He’s really creative like that. 

The birth of “the list” list was created several years ago out of necessity.  We were newlyweds, and ever mindful of developing FWS (fat wife syndrome) I was standing in the kitchen having a low carb snack after work while I waited for the coffee to get done.  He came in the door from work, big, happy smile on his face, and the first words out of his mouth were, “Hi, porky!”  

No.  I am not kidding.

credit:  akarakingdoms
This isn’t me but it sure is cute.
I was eating low carbpork rinds, not twinkies.  And he saw me eating pork rinds, and in typical creative fashion, said that unfortunate word.  In quiet protest, I did not make dinner that night, and in addition (just in case he didn’t get the hint) maintained a stone cold, icy silence for the rest of the evening, which is my preferred method of communication when I am upset.  (Who’s with me?)   

The list” was born.  There have been remarkably few additions here and there, because ol’ what’s his name has learned his lesson.
 

Or has he? 

This morning I was getting ready for work, hurrying as usual, running around our bedroom slapping on deodorant and finding my shoes.  I grabbed my body spray (what I call smellgood) from Victoria’s Secret and was spritzing it on.  I always try to arch my back and shake my hair as I do this, like the VS models do, but even the dog doesn’t take me seriously.  My husband wandered in the bedroom to grab his gym bag, saw me spraying, and says cheerfully, “Hi, smelly!”   

He realized right away what he had said and looked like a rabbit with his back foot caught in a trap, trying to get away.  Fortunately, my steely gaze pinned him to the spot. 

LIST.” 

It must be time for a refresher course.

 

 

 

 
Local authors Christine Collins Cacciatore and Jennifer Collins Starkman have recently completed and self published their first novel:  Baylyn, Bewitched.  It’s the first in the Whitfield Witch Series.
Baylyn, Bewitched is the whimsical tale of an unlucky-in-love, quirky librarian named Baylyn.  She falls hard for the sexy Declan Hughes, but is hiding a pretty big secret:  she’s a witch!
Their ebook is available at Amazon, Barnes & Noble, and Smashwords, and they’re currently working on the second novel in the series:  Cat, Charmed.  They can also be found on the web with their author page on Facebook or their blog, Cacciatore and Starkman Authors.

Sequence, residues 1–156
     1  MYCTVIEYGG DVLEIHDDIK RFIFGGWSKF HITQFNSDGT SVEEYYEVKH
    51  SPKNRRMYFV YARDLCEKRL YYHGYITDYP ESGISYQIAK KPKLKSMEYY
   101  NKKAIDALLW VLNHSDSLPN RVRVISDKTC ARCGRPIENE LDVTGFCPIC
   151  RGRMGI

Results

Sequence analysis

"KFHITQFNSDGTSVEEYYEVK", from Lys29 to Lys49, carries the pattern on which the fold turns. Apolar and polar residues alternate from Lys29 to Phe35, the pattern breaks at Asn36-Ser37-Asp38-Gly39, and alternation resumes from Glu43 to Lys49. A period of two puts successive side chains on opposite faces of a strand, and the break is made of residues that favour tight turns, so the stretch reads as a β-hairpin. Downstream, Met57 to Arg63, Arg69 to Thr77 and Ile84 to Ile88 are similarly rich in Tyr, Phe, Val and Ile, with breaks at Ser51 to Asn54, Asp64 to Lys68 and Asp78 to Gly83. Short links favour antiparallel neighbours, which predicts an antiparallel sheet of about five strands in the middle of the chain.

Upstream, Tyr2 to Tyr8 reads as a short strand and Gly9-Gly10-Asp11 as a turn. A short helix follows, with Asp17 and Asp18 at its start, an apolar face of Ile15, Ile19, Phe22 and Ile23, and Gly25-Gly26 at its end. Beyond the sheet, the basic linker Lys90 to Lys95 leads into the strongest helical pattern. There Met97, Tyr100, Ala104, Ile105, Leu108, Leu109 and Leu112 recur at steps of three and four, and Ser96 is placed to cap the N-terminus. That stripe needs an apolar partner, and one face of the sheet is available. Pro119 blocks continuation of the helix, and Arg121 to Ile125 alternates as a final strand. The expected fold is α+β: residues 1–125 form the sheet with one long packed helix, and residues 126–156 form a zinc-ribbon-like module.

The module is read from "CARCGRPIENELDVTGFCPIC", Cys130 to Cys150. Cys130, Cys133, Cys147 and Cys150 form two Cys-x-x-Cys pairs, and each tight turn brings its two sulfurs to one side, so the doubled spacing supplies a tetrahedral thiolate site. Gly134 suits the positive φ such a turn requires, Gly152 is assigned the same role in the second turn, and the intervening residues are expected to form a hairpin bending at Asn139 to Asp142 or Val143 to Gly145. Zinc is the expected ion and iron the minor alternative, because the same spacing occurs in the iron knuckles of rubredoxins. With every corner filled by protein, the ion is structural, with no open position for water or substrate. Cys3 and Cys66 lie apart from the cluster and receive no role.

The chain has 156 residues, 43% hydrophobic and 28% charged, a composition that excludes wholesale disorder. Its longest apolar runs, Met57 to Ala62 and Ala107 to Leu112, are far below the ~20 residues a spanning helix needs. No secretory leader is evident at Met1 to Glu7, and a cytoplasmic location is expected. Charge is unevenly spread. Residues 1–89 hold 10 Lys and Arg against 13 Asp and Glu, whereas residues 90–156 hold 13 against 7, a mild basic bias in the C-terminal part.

I woke up this morning with a terrible guilty conscience.  I actually smoked a cigarette while laying in bed right next to my husband, and when I was done with it, I put it out in a plastic cup with half an old beer in it.  Sooooo sexy.

because I’m pretty sure I was wearing this in my dream. 

Other people dream about winning the lottery, or playing baseball, or having sex with Brad Pitt.  (for the record, Brad Pitt is not anywhere on my to-do list.)

But what do I dream about?  Smoking and putting it out in a nasty, warm cup of beer?  What is THAT all about? 

I looked it up in my dream journal and there were several blatherings on about what it could mean to smoke in your dream.  The biggest one was that “to use it warns you against enemies and extravagance.”   Well, that really made me laugh because those who know me know that I am not close to extravagant.  That is unless you count bringing two cheese sticks to work instead of one extravagant.  Then hell yes, I am.  I like cheese, all right?

And enemies?   I don’t have any.  Well, there was that lady at the grocery store who eyed my typed grocery list enviously.

What did catch my attention was the part where they discuss what it means to dream about liquor

“For a woman to dream about drinking or handling liquor foretells for her a happy Bohemian kind of existence.  (yes, that’s true.) She will be good natured but shallow minded.  (shallow minded, yes, yes, also true.)  To treat others, she will be generous to rivals, and the indifference of lovers or husbands will not seriously offset her pleasures or contentment.”  (How do they KNOW ME like this?)